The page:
E-Cigarettes (Part 3)

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E-cigarette importers and distributors argue that they fall under “tobacco products”, not drugs. When the US Food and Drug Administration tried to block imports of e-cigarettes into that country, calling them “unapproved” drug delivery devices – which would have meant registering e-cigarettes as a new drug product, and then going through years of trials and approvals before they could legally be allowed – the e-cigarette companies took the FDA to court, arguing that because their products “used nicotine derived from tobacco” they were only subject to the [more limited] restrictions of tobacco control laws. The FDA eventually conceded.

Other governments and health agencies seem to be following suit. Earlier this year the European Union introduced new rules for e-cigarettes under a broad revision of general tobacco regulations (rather than the medical classification that was originally proposed). These include banning advertising for e-cigarettes, and a requirement for e-cigarette packs to carry graphic health warnings (like regular cigarettes). The new regulations will be implemented in mid-2016.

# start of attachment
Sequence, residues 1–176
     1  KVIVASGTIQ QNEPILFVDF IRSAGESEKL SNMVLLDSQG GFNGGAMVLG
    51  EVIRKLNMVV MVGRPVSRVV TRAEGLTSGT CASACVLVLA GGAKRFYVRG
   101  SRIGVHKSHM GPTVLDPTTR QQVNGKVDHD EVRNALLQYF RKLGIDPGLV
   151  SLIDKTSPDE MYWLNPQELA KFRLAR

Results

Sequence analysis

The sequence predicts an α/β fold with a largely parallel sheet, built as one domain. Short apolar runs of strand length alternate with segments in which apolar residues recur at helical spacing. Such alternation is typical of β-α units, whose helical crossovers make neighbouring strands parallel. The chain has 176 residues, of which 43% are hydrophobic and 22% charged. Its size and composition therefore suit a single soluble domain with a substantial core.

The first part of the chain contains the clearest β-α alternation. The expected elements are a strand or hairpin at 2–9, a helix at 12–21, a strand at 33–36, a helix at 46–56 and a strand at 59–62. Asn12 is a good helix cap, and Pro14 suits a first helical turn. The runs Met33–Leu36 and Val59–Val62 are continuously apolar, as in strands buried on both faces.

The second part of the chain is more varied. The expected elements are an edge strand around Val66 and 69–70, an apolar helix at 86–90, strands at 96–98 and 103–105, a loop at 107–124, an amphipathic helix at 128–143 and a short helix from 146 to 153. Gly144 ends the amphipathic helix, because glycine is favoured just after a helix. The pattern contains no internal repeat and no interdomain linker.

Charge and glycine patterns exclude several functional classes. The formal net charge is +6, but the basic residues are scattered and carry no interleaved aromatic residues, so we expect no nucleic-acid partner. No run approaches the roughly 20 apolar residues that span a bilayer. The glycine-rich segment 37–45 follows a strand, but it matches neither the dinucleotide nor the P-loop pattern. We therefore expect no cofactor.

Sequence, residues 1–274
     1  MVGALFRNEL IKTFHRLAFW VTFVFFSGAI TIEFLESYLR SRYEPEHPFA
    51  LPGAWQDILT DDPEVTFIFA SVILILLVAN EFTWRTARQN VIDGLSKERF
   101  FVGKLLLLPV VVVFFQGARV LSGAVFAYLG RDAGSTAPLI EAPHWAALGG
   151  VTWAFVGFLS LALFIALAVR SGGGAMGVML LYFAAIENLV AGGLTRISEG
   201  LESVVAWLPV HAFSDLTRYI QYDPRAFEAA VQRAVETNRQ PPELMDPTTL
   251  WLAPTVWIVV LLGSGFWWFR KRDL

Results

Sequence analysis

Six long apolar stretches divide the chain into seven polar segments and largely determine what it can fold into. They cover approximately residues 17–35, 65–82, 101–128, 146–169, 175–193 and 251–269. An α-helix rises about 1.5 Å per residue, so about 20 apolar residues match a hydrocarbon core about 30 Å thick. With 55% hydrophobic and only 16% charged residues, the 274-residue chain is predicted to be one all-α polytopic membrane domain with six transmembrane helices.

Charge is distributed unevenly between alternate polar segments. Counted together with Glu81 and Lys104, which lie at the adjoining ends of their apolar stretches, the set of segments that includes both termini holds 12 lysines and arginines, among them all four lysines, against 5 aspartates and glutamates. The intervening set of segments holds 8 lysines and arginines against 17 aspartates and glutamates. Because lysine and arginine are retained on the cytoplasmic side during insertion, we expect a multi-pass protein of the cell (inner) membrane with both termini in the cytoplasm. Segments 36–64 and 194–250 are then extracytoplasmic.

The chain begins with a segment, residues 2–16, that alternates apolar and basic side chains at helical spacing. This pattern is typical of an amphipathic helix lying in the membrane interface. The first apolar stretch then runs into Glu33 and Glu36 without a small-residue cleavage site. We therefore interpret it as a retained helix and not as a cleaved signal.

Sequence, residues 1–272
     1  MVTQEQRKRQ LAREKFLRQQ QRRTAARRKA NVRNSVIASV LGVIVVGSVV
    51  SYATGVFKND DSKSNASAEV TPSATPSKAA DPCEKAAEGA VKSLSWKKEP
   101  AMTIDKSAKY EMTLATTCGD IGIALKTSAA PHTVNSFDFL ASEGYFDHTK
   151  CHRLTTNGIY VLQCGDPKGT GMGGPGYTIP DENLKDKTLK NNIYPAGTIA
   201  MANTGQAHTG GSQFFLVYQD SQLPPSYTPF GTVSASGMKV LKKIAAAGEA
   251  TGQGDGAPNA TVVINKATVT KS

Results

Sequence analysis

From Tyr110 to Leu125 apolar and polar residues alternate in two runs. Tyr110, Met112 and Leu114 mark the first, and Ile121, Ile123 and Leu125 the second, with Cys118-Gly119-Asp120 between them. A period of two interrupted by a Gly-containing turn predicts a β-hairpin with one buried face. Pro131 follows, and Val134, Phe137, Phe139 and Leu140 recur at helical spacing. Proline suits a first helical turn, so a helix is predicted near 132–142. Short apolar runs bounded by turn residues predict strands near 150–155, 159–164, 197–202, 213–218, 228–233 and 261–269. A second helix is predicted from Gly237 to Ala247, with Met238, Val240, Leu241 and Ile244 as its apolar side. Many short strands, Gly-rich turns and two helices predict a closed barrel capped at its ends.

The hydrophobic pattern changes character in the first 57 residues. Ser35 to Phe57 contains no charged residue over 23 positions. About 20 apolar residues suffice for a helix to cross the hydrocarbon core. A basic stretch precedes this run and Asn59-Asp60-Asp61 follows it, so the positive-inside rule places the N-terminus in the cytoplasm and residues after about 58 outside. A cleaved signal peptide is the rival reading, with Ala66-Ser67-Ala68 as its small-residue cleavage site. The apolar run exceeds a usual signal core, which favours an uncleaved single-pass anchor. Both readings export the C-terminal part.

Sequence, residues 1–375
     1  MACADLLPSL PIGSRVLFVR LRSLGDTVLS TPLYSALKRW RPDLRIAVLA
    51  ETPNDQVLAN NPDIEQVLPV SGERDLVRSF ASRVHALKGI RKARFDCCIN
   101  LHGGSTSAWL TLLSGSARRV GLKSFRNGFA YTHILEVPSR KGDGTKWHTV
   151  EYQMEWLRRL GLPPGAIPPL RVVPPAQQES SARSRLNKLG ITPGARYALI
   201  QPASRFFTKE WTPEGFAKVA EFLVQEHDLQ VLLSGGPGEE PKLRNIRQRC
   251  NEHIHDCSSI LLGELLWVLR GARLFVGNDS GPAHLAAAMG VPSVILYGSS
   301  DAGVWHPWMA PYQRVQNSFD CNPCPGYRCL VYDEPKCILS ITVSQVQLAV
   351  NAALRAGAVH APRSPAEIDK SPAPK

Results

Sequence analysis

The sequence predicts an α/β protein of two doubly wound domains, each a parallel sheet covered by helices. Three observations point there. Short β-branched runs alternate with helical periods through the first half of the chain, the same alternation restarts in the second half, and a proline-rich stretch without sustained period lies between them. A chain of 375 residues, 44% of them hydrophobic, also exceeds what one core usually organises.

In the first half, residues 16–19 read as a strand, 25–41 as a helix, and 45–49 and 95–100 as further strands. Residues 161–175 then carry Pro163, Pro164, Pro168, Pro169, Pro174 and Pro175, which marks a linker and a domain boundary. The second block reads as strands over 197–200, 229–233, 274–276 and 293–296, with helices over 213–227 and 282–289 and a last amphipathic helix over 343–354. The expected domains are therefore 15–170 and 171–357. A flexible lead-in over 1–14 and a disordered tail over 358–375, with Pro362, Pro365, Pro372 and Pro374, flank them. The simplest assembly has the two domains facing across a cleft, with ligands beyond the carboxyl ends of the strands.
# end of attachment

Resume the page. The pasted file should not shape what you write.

In South Africa, the status of e-cigarettes remains unclear. A 2012 amendment to the Medicines and Related Substances Act revised the schedules for nicotine – the drug found in many e-cigarettes. In terms of the changes to the Act, nicotine-containing products “intended for human medicinal use as an aid to smoking cessation, or as a substitute for a tobacco product” were listed as schedule 3 substances. S3 substances (or devices that deliver them) should require a doctor’s prescription, and should only be sold at pharmacies.

By mid-2013 – in response to a claim made by a South African distributor, which said that the wording of the Act did n’t cover e-cigarettes, because they were n’t marketed as medical devices – the Medicines Control Council took the specific step of confirming that the legislation did indeed apply to e-cigarettes. Still, this has n’t stopped various e-cigarette suppliers from setting up dozens of new e-cigarette and vaping stores in malls across the country.

As e-cigarettes gain acceptance under the umbrella definition of “tobacco” products (they contain no actual tobacco; even the tobacco-flavored varieties use artificial flavoring), regulatory bodies seem to want to use this classification to impose the same restrictions on vaping as already exist for tobacco smoking. In cities like Los Angeles and New York, vaping has been banned in public spaces; similar policies were introduced last year in Spain. In Australia, even nicotine-free “vapourisers” have been the subject of lawsuits – because they mimic the form and actions of tobacco products. The message is clear: e-cigarettes are n’t a licence to light up wherever, whenever.

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